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Good find @jake24 !!
Not sure if this has come up before but at the very end of this video theres a short clip of Dalton in a room lighting a cigarette with the lighter he is given in LTK that I dont recognise from the film. Does anyone know if this is part of a deleted scene and if there is anything more to it and also at what point in the film was the scene supposed to take place?
Also I'd recommend watching the whole video as Dalton gives such a fine understanding of the who the literary Bond is and his approach to the character.
- Trevelyan's headshot wound in the gas facility
- Deleted Xenia scenes (Xenia and Admiral, Severnaya, Sauna scene, Jungle)?
That's probably my favorite interview Dalton ever gave, and I often share it. He wasn't a big interview man, but when he did them he gave a lot of great thoughts on Bond. I don't entirely agree with his view of Fleming's Bond (He's just as bad as they are), and I think Bond himself dispels that in the hospital during Casino Royale, but he had the kind of understanding of the character that you hope observant readers take away from those books. Of Bond playing a rough game with rough men, but having parts of himself that make him human and supportable, whether that's his distaste for violence, loyalty to nation or protective hold over women.
Yes, this is excellent. And the deleted scene should have stayed IMHO.
A Bond actor will always get points for me when the take the time to read the original books to search for how they can take the character back to that direction, as Tim and Dan are credited as doing. Dalton reportedly also carried some of the books (never heard which ones) on set as a reference between takes, and I respect that he took the thought and care to do that.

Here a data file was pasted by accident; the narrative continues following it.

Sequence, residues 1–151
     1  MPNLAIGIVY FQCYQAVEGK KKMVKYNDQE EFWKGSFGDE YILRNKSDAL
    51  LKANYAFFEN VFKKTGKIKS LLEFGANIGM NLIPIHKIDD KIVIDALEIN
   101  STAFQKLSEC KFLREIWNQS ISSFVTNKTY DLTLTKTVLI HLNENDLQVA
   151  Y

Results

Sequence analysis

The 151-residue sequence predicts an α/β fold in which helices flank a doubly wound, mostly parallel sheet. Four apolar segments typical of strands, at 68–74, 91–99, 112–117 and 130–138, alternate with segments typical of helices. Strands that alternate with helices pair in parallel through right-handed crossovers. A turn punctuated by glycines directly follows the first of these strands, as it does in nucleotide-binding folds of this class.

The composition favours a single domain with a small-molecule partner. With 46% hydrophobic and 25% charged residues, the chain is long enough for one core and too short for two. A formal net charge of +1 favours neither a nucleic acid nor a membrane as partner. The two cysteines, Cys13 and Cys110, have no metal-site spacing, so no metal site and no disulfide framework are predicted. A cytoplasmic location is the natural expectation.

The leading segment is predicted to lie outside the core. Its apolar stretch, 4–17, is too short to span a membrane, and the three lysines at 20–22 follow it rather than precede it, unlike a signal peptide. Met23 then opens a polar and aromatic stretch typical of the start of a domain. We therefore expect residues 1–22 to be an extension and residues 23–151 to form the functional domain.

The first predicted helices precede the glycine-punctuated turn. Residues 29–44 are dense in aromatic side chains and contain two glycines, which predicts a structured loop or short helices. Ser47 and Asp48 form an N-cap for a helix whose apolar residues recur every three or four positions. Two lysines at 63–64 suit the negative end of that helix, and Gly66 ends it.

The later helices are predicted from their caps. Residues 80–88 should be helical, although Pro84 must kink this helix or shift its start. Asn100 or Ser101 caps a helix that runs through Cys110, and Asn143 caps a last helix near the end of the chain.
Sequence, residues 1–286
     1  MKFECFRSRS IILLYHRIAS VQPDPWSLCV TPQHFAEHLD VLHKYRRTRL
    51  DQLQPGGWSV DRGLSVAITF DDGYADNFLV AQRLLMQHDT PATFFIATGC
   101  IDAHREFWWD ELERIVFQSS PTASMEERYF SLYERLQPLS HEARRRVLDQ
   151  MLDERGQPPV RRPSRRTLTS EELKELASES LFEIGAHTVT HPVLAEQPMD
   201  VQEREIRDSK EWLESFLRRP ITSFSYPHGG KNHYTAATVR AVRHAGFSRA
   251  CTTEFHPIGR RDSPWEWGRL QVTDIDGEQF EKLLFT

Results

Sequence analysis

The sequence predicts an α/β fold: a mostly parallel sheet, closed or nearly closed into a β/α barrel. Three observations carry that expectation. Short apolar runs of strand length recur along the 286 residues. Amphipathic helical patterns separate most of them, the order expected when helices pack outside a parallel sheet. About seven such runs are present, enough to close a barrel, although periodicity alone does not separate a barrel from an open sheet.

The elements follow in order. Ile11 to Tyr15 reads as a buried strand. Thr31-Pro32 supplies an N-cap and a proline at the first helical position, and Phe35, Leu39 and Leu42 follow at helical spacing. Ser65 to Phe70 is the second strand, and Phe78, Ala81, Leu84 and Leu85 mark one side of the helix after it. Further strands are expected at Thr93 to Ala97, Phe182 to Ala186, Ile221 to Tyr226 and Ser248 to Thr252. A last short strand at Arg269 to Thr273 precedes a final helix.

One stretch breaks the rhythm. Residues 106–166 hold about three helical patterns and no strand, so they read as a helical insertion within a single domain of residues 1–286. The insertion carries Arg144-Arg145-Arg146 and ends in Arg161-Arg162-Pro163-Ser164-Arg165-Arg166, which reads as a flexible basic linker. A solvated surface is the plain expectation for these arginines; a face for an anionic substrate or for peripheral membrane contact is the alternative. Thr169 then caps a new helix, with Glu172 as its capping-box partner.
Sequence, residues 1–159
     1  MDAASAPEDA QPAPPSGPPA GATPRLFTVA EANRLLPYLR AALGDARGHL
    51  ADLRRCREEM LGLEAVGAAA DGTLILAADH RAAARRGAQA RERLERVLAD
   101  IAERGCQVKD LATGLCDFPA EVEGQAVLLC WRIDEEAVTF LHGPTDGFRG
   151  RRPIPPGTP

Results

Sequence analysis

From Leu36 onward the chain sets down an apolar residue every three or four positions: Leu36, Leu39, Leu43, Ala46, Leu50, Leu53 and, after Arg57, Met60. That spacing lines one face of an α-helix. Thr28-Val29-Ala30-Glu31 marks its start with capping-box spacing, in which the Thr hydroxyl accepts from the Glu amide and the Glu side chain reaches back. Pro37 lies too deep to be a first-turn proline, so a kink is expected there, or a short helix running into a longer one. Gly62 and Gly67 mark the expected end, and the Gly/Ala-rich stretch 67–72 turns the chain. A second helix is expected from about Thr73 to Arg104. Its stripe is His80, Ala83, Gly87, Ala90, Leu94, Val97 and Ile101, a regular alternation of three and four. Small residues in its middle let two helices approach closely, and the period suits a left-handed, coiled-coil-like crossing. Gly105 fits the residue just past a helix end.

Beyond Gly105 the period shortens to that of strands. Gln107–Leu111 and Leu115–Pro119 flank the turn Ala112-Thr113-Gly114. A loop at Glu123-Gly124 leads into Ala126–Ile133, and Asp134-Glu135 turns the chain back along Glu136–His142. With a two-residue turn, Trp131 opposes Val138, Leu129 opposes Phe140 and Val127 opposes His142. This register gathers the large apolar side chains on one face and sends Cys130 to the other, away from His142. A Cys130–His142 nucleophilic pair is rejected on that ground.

When some Bond actors don't even know the first book published, who the original character was or how many books were written, it's appreciated when the others do have that knowledge and you can see the bits of Fleming they got inspired by in their performances. Tim and Dan in particular seem to have been drawn to the acedie and humanity of Bond, as well as the grayer morality of the books in contrast to the glorified and uppity nature of the other adventures from the 70s and early 80s. And while he never got deep into the books beyond some minor reading, even Sean brought out all the main aspects of Bond you would hope to see, from his dry wit, rampant lust, hunger for danger and appreciation of the finer things to a certain hidden derision of his villains, a loyalty to his work and a survivor's sense of endurance.
There is an undeniable correlation between loyalty to Fleming and success as movies, with the top films often being spawned from that rich fountain in character, tone, structure or style. The books were a hit with the public, so of course the films that paid tribute to the source would be too.